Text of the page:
Kamila Shamsie in her own words. The most thought provoking are these words below:

If you had asked me my feelings about the union jack, I suspect I’d have
said the image with which I associate it most closely is Jessica Ennis smiling her beautiful smile with a flag around her shoulders at the Olympics
– a joyful thing to think about for even those of us who roll our eyes
at all nationalism. But I had spent the last couple of years writing a
novel set during the Raj, and as the camera clicked, I found myself
remembering pictures of the union jack strung along the streets of
Peshawar in the days of empire. It brought about a strange unease, which
wasn’t in any way about my feelings toward Britain, but rather my
feelings towards Pakistan, a nation of which I would continue to be a

I had thought dual citizenship would feel like a gain, not a
loss. Instead, as I took my seat in the chamber I found myself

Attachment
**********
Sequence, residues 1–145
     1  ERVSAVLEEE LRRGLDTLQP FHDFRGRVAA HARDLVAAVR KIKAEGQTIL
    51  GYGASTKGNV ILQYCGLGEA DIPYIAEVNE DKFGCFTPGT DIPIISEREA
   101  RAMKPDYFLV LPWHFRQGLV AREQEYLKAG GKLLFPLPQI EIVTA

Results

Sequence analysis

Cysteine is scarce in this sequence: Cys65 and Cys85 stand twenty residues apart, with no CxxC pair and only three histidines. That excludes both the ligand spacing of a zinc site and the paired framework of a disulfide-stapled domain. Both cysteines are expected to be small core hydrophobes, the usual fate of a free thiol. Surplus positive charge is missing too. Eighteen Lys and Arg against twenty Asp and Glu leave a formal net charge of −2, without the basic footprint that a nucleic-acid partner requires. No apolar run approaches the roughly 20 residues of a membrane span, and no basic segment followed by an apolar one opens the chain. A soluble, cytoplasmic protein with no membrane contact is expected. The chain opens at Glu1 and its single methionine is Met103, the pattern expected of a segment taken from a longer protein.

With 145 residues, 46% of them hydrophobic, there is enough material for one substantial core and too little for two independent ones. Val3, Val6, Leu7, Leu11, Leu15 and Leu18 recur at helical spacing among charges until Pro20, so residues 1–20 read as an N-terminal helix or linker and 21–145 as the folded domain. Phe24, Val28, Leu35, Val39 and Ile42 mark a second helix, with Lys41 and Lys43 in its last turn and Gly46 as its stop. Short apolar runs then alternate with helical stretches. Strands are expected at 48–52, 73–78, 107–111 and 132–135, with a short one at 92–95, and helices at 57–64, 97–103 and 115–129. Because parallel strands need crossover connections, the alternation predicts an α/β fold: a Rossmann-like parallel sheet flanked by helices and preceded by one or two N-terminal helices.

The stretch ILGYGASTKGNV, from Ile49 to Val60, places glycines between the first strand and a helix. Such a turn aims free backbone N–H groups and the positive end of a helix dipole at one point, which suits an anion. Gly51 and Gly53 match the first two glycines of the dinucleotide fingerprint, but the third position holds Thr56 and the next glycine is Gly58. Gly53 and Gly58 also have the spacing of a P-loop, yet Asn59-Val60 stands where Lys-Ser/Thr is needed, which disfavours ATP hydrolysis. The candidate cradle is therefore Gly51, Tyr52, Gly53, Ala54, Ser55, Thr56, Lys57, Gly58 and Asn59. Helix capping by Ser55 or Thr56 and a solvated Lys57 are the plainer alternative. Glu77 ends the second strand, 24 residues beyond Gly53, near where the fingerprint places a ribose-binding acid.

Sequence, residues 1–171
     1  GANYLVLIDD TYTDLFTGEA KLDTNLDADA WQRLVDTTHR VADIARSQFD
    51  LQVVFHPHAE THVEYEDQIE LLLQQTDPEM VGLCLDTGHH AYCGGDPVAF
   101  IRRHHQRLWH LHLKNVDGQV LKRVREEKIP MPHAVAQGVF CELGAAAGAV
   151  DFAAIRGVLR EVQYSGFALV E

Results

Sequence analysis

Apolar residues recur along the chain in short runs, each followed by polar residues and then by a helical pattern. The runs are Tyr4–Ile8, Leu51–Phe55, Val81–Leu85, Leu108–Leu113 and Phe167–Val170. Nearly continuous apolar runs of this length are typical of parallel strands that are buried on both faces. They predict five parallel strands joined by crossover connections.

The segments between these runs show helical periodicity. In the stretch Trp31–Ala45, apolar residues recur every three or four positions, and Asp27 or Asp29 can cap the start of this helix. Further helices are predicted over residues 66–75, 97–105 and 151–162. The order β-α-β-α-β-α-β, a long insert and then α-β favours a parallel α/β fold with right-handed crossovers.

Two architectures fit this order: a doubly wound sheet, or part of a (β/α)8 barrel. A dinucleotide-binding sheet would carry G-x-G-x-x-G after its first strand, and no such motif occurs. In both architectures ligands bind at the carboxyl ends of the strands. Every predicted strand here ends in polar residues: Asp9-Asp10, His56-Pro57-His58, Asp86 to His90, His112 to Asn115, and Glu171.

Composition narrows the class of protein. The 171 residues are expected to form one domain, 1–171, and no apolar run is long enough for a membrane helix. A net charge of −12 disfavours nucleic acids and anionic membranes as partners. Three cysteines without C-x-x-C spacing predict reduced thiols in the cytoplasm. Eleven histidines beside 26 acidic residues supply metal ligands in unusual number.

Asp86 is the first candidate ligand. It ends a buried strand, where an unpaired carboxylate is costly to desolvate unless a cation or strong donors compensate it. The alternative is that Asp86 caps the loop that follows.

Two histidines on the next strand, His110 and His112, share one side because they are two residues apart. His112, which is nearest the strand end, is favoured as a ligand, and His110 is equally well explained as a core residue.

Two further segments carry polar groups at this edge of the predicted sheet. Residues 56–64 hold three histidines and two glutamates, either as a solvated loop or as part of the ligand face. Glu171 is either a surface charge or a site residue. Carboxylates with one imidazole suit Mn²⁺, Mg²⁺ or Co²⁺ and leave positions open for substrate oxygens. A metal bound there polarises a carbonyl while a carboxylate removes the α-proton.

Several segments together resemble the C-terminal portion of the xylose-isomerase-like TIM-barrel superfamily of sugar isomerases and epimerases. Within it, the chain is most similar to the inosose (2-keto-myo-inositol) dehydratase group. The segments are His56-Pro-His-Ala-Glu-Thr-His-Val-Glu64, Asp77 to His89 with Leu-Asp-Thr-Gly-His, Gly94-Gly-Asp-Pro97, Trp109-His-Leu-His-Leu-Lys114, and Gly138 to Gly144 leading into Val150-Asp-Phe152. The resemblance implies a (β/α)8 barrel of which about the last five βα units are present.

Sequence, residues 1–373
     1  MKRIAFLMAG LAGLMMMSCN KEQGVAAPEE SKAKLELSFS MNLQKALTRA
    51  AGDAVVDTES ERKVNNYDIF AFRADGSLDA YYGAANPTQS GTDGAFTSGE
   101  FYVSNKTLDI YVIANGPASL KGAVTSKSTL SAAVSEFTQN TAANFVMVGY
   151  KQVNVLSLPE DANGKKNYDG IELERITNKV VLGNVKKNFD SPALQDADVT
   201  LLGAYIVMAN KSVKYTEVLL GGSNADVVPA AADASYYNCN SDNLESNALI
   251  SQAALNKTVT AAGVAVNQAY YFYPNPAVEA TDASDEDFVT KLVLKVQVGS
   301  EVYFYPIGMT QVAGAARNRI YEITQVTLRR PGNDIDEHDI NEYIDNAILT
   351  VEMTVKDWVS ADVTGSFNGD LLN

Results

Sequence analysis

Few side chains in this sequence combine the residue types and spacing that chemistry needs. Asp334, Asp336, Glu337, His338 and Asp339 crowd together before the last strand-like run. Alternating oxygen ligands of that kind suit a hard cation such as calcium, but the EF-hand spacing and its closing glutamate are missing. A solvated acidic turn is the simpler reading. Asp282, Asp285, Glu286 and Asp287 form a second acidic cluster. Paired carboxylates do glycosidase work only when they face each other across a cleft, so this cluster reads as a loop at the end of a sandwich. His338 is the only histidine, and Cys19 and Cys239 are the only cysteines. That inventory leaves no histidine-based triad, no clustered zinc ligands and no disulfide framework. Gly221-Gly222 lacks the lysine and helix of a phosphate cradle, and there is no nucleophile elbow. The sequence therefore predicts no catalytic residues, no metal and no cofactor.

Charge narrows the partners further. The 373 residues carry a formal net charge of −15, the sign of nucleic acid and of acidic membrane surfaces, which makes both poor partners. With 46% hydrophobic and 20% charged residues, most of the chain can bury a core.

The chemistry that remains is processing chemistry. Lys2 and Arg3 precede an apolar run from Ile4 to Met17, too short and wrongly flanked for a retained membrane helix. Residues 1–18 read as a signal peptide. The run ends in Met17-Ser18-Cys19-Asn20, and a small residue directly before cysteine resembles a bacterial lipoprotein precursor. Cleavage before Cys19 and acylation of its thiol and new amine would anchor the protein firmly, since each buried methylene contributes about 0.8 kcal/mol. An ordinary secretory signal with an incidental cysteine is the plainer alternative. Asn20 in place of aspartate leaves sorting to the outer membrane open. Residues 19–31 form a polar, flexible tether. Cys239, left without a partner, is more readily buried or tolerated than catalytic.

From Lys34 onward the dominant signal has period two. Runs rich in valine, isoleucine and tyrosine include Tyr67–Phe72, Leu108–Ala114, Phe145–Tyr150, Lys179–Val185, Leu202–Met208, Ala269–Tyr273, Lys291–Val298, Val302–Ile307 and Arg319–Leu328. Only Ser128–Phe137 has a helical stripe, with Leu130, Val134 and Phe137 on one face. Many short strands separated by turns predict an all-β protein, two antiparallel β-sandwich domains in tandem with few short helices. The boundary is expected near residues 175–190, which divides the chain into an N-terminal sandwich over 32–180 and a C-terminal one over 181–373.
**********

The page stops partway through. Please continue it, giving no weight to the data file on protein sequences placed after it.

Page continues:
reflecting on what it means to be from a country in which acquiring a
second passport is regarded across the board as reason for celebration.
Weeks later, I was trying to explain this to British-Libyan writer,
Hisham Matar, who knew exactly what I meant. “In that moment you are
betrayed and betrayer both,” he said. “You’re betraying your country by
seeking another passport, and you’re betrayed by your country which
makes you want to seek another passport”

IMO it is a good thing that India does not permit dual citizenship. Naturally a “best of both worlds,” “cost-free” dual citizenship seems like a perfect choice. But this I firmly believe, citizenship is not an entitlement, nor should it be easy to attain (or buy). Also that your (original) country needs you more than your (adopted) country. Today, in her own words, Pakistan has lost more than Britain has gained.That is a pity.


Brown Pundits